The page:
Market Update – March 202217/03/2022
How to get your children interested in money and finance07/04/2022
On 29 March 2022, the Government handed down the 2022-2023 Federal Budget. Although we know this is a pre-election Budget, the measures announced are very targeted and there is a clear focus on the cost of living, with inflation levels and cost of many goods rising.
This Budget recognises the significant level of Government debt from previous and forecasted budgetary deficits and the Government’s desire to also be seen as being fiscally responsible in the current economic environment.
Below we have outlined some of the Government’s proposals. Of course, it is always important to remember that at this point, the Budget night announcements are only statements of intended change and are not yet law.
One of the major taxation measures in this year’s budget was the temporary reduction in fuel excise.
From 30 March 2022 until 28 September 2022 the Government will assist in reducing fuel prices by halving the excise and excise-equivalent customs duty rate that applies to petrol and diesel for a limited 6-month period. Excise taxes for other fuel and petroleum-based products, other than aviation fuel, will also be reduced by half. The current rate applied to petrol and diesel is 44.2 cents per litre, this reduction will bring the rate on petrol and diesel to 22.1 cents per litre, with the price faced by consumers expected to be reduced by a larger degree given GST will be levied on the lower excise rate. This measure aims to help individuals, families, and businesses with cost-of-living pressures which flow through to higher transport costs including the cost of goods and services.
At the end of the 6-month period, previous rates will apply, including indexation that would have occurred on those rates during the period.
The Australian Competition and Consumer Commission (ACCC) will monitor the price behaviour of retailers to ensure that the lower excise rate is fully passed on to Australians during the 6-month period.
The Government is proposing to increase the Medicare levy thresholds for singles, families, seniors, and pensioners from 1 July 2021, as follows:
Small business – skills and training boost:
Small businesses (with aggregated annual turnover of less than $50 million) will be able to deduct an additional 20 per cent of expenditure incurred on external training courses provided to their employees. The boost will apply to eligible expenditure incurred from 7:30pm (AEDT) on 29 March 2022 until 30 June 2024. Some exclusions will apply, such as for in-house or on-the-job training and expenditure on external training courses for persons other than employees.
The boost for eligible expenditure incurred by 30 June 2022 will be claimed in tax returns for the following income year. The boost for eligible expenditure incurred between 1 July 2022 and 30 June 2024, will be included in the income year in which the expenditure is incurred.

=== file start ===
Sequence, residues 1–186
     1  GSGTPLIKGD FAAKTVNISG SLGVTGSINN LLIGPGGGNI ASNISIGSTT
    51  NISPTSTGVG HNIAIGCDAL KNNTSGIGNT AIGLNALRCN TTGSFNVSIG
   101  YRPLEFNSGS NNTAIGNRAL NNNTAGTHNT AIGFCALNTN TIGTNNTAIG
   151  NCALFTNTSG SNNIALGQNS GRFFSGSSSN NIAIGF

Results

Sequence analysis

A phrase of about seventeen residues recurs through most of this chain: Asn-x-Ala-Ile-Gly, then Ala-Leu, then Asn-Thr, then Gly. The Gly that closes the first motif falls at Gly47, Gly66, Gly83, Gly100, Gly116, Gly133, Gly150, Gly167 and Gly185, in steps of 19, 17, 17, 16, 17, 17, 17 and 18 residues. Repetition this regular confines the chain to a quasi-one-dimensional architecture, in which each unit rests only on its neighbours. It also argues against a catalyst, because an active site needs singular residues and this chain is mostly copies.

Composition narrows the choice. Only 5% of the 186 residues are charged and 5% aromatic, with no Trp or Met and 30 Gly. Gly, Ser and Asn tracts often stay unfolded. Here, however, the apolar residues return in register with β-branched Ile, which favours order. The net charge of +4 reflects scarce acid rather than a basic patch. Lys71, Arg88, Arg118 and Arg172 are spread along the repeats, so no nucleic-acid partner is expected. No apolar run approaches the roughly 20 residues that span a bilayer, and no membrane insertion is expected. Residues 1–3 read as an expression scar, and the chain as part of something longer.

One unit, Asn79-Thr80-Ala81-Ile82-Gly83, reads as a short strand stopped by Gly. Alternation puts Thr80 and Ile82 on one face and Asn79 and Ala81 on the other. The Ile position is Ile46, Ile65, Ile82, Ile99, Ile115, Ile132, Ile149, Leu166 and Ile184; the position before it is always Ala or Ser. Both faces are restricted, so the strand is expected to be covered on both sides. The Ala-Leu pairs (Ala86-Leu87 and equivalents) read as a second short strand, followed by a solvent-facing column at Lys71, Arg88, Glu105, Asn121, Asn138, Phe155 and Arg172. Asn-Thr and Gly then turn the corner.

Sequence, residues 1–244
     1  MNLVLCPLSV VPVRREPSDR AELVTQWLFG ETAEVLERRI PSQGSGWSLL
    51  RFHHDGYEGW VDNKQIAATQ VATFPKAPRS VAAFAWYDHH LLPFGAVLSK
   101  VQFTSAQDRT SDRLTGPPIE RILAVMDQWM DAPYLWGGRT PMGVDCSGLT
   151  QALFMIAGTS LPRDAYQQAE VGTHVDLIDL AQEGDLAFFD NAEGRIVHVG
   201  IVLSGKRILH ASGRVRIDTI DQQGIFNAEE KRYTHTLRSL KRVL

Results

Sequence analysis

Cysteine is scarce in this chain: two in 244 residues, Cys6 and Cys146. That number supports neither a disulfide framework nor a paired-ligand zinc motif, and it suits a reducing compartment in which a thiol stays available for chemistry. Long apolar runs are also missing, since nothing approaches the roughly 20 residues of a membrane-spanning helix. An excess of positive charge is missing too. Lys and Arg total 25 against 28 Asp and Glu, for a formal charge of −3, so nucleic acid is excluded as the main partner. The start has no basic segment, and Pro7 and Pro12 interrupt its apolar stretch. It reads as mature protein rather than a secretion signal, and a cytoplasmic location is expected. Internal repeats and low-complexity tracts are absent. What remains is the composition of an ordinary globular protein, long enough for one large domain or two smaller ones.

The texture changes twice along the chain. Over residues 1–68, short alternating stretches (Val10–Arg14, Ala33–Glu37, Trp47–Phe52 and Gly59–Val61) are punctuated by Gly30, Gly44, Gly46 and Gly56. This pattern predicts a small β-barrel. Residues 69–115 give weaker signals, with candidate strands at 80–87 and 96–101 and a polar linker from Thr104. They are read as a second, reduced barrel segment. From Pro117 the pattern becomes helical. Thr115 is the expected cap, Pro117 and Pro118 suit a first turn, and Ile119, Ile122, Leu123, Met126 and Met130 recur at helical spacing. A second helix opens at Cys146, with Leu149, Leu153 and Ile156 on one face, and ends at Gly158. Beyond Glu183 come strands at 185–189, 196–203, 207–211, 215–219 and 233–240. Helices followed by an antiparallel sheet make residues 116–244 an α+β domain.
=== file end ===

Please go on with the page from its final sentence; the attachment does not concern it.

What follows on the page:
Small business – technology investment boost:
Small businesses (with aggregated annual turnover of less than $50 million) will be able to deduct an additional 20 per cent of the cost incurred on business expenses and depreciating assets that support their digital adoption, such as portable payment devices, cyber security systems or subscriptions to cloud-based services. The boost will apply to eligible expenditure incurred from 7:30pm (AEDT) on 29 March 2022 until 30 June 2023. An annual cap will apply in each qualifying income year so that expenditure up to $100,000 will be eligible for the boost.
The boost for eligible expenditure incurred by 30 June 2022 will be claimed in tax returns for the following income year. The boost for eligible expenditure incurred between 1 July 2022 and 30 June 2023 will be included in the income year in which the expenditure is incurred.
Superannuation Thresholds from 1 July 2022 to 30 June 2023 (changes only):
The Superannuation Guarantee is to increase to 10.5% for all eligible employees effective from 1 July 2022. The rate will increase by 0.5% each year until it reaches 12% on 1 July 2025. The incremental increases are outlined in the table below:
In support of retires, the Government has announced the extension of the temporary reduction in superannuation minimum drawdown rates. The 50% reduction applies to clients who have commenced an account-based pension and similar products for a further year to 30 June 2023. This measure will also apply to clients who are in pension phase within self-managed superannuation funds.
The minimum drawdown requirements determine the minimum amount that a retiree must draw from their superannuation each year in order to qualify for tax concessions. Given ongoing volatility, this change will reduce the need for retirees to sell assets in order to satisfy the minimum drawdown requirements. There is no change to the maximum drawdown limit.
The below table summarises the reduced annual minimum pension payment factors for account-based pensions (including transition to retirement pensions).
Under the temporary drawdown reduction measures, annual payments from term allocated pensions can be reduced to 45%. Usually, annual payments from term allocated pensions can be varied between 90% and 110% of the calculated annual payment.